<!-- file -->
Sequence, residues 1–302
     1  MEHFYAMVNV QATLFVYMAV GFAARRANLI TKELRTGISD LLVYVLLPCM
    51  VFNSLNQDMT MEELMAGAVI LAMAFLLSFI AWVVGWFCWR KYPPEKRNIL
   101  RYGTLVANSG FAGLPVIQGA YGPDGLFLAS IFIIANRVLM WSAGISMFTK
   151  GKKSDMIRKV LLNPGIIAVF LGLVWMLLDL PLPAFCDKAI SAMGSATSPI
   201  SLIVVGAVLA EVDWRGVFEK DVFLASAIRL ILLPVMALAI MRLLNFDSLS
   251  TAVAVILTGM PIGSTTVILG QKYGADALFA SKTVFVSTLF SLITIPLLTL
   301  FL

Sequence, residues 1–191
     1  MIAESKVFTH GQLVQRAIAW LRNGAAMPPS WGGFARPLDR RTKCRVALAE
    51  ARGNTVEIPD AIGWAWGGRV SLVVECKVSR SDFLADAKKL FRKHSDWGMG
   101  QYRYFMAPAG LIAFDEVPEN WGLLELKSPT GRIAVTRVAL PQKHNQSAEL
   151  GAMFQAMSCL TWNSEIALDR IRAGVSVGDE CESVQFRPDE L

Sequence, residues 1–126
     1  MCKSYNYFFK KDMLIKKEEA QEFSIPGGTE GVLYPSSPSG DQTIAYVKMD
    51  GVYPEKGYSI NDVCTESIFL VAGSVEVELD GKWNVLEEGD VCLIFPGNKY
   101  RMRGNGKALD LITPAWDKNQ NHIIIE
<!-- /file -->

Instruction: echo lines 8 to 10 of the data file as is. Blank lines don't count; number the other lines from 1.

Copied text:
   301  FL

Sequence, residues 1–191
     1  MIAESKVFTH GQLVQRAIAW LRNGAAMPPS WGGFARPLDR RTKCRVALAE